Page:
Category Archives: children

Let’s get it right – Once and for all WE are our children’s mothers, not our egg donor.

Shhh mommy is bloggingThis is an open letter to all of the amazing and terrific medical personnel that we depend on daily to help keep ourselves and our families healthy.

We love you, we really do. And we thank you for all you do.

We have called you in the middle of the night to wake you out of a sound sleep because of a fever, rash, colic, or any number of ailments our children may have that seriously freak us out.

We can’t tell you how many times we are going to thank you for stitching up an eyebrow, or a forehead, casting an arm or a leg, removing a bean or a bead from our toddlers nose, or diagnosing us with a case of chicken pox, along with an assortment of other childhood illnesses.

When our children have been diagnosed with something of a more concerning nature like Autism, ADHD, Anxiety, or seriously ill with those diseases that we find even too horrific to utter we turn to you for guidance, treatment, and support.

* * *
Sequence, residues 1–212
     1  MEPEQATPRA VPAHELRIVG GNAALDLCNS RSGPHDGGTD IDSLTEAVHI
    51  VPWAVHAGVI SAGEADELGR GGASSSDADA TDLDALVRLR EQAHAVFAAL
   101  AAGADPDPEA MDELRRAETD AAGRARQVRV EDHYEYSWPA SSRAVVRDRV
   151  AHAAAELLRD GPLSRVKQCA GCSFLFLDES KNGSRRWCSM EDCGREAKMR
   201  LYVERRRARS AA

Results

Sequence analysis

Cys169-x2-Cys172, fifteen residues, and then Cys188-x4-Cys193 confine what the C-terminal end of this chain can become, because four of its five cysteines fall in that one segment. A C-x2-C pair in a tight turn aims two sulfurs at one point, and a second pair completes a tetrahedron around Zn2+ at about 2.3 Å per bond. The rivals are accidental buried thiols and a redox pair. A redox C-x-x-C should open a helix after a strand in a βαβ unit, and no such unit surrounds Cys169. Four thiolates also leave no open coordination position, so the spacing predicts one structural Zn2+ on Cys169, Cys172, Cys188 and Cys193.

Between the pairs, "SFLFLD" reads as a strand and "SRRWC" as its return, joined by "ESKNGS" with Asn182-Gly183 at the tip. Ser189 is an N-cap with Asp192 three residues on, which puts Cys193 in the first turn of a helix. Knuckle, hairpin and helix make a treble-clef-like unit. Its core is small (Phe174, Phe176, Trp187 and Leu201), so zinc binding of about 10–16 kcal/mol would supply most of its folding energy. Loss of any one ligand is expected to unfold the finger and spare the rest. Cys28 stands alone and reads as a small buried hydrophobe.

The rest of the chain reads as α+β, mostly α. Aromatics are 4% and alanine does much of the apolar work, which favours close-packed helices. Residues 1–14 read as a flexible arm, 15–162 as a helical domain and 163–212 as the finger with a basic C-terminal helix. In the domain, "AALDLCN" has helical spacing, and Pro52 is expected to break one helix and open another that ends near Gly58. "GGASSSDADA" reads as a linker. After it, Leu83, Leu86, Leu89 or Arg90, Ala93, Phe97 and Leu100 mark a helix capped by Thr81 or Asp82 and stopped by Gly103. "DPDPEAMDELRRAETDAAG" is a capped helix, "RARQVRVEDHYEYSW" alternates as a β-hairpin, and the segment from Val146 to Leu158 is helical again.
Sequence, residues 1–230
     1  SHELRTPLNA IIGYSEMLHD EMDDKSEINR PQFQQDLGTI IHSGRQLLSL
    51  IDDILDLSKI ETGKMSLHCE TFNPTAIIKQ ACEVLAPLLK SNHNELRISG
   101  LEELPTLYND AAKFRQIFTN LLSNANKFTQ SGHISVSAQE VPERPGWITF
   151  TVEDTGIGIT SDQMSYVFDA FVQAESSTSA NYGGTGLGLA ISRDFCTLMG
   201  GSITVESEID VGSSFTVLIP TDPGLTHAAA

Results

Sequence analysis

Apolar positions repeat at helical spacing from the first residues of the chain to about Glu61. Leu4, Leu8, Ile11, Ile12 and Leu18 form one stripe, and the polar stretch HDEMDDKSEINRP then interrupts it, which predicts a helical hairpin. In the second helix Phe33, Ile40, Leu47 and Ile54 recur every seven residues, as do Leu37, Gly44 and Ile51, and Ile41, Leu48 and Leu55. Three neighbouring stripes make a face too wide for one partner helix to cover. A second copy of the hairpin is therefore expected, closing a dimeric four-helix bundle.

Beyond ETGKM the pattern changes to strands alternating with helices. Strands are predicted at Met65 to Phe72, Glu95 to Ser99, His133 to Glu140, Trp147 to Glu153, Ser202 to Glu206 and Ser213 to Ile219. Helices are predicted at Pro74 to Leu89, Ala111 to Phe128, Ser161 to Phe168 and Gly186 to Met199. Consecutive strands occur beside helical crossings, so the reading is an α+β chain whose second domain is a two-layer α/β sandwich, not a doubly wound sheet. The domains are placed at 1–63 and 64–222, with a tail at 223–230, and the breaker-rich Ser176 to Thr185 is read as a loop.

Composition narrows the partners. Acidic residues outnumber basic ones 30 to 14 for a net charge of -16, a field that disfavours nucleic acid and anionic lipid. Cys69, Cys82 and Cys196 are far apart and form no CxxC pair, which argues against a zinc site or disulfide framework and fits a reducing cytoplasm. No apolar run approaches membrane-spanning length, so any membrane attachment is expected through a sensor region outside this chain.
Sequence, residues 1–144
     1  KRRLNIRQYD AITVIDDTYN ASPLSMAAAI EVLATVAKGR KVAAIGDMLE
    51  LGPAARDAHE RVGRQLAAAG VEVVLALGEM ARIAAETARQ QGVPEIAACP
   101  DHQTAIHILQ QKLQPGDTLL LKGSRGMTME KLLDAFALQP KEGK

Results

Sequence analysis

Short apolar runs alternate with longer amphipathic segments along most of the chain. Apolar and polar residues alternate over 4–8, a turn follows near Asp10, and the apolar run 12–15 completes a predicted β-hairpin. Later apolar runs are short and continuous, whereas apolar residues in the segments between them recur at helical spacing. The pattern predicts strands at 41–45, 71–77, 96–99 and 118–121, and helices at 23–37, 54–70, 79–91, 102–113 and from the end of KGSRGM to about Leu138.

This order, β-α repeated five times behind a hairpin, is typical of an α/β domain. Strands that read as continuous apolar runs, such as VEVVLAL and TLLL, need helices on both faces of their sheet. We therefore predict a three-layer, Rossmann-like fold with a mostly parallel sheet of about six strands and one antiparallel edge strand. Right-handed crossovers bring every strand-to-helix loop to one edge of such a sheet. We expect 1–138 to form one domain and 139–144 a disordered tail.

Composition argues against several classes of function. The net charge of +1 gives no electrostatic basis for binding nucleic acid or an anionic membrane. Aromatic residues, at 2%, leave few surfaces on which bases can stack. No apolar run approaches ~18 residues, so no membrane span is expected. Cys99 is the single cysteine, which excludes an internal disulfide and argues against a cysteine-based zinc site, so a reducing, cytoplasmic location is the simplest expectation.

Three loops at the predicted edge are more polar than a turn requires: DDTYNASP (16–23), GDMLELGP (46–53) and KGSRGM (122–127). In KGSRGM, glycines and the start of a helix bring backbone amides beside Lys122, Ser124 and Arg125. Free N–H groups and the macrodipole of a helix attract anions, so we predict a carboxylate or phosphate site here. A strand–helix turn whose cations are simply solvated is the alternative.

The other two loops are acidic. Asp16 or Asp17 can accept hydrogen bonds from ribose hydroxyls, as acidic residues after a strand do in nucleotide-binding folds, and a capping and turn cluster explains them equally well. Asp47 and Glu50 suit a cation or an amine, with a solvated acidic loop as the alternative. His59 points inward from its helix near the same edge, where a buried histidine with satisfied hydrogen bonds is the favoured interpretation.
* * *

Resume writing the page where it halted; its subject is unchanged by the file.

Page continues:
Because I am a mom via egg donation I can attest that it truly takes a village to create and raise our families. That’s why I am reaching out today for your help. It’s important that we all use the correct language regarding egg donation, embryo donation, and surrogacy with egg donation or embryo donation.

What is very helpful to we parents via egg donation is for the medical community to listen to us as we explain the often complex way our child came to be. If you think its wild hearing it for the first time, try being a mom who finds herself answering the dreaded “maternal side” of the family health questions.

“Our son was conceived via egg donation. Genetically, I am not related to my son. But this is what we know about his egg donor, and this is her medical history.”

That really is all you have to hear, unless you are truly interested in egg donation, and what that journey is like.

What is not helpful are answers like:

“So, genetically, he is really not yours.”
“Please tell me more about the donor mother.”
“So let me get this straight, his real mom was his egg donor, but you carried him?”
“Why isn’t his genetic mother here at this appointment today?”

And my all-time favorite: “Wow, that is really kind of crazy, how does your husband feels about him having a baby with another woman?”

The egg donor is referred to as the egg donor unless the intended parents have chosen to refer to her by name, or Aunt Sally, or a nickname, or whatever they choose to refer her as. Please don’t refer to her as the “Donor Mom” because she is not my child’s mother.

I am the one who is up nights feeding, nurturing, loving, changing diapers, and carrying for this child.
I am the one who loses sleep over sickness, crying, fevers, and my child’s welfare.